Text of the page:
Wednesday, March 5, 2014

Confidentiality in Settlement Agreements Not Just Show

As recently reported by CNN the former head of a private school lost an $80,000 discrimination settlement by simply revealing the settlement terms to his daughter. The settlement agreement contained a common confidentiality provision under which the employee and his spouse could only discuss the terms of the agreement with the employee’s attorneys or other professional advisors.



In violation of this agreement, the employee and his wife told their daughter about the terms of the agreement and the daughter then took to Facebook with the results. She posted: "Mama and Papa Snay [the employee] won the case against Gulliver [Preparatory School]. Gulliver is now officially paying for my vacation to Europe this summer. SUCK IT." The school quickly found out about the post and advised the former employee that he had breached the confidentiality agreement and would not receive the $80,000 settlement.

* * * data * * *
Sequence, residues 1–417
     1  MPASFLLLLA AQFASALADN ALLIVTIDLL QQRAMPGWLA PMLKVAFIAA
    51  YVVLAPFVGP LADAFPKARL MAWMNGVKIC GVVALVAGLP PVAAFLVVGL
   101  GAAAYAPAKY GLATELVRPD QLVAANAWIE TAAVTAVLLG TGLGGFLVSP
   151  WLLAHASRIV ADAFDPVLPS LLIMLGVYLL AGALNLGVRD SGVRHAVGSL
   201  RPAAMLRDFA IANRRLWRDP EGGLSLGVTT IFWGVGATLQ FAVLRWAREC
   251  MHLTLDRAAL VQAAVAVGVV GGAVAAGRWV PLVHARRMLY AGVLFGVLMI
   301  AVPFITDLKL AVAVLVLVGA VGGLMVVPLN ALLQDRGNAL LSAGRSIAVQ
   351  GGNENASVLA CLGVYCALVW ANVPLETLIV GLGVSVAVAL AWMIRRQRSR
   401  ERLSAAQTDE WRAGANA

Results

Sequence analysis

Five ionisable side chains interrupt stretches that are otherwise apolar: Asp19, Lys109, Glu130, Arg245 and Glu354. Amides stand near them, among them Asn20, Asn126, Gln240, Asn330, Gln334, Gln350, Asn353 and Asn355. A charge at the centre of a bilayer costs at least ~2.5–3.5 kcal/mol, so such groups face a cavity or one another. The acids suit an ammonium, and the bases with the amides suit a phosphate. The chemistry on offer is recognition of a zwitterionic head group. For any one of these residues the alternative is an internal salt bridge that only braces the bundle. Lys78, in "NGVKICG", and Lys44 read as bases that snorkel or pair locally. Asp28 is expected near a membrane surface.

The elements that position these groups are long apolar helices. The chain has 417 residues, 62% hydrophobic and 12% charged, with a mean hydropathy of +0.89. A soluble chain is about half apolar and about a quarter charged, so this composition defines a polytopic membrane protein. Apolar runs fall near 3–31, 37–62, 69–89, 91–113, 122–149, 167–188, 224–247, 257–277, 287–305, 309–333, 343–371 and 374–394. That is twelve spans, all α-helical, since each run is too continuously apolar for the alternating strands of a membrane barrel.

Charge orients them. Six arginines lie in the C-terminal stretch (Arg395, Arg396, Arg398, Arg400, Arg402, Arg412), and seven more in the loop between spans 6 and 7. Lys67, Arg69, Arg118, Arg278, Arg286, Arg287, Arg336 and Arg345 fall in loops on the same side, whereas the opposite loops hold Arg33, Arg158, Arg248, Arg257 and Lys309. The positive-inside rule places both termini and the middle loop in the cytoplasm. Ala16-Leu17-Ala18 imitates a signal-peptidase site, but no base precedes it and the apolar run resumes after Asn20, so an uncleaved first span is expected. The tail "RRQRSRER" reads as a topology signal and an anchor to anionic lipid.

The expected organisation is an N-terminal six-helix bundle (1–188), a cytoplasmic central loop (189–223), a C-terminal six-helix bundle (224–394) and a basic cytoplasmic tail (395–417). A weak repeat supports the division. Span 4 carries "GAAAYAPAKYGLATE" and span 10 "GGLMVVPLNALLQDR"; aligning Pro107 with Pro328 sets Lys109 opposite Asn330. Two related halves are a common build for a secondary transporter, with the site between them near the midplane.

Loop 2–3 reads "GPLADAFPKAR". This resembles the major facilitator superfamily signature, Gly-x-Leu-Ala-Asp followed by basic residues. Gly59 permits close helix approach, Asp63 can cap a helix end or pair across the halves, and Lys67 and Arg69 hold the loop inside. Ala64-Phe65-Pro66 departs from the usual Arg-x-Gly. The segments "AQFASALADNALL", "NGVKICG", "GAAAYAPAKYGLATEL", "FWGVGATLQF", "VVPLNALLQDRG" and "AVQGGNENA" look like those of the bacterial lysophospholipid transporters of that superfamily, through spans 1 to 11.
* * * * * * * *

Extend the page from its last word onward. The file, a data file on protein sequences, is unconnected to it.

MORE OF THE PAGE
The employee sued to enforce the agreement and won at the lower court level, but the appellate court reversed, finding that the employee breached and confirming that the school did not have to pay the settlement amount.

There is a simple take-away here for both employers and employees: The terms of settlement and severance agreements are not just there to fill up space on the page. Each provision, even common and boilerplate language, has a meaning and a purpose and employers can and will enforce those provisions.

By: Ethan Don
First Published: The Law Firm of Paley Rothman Law Blog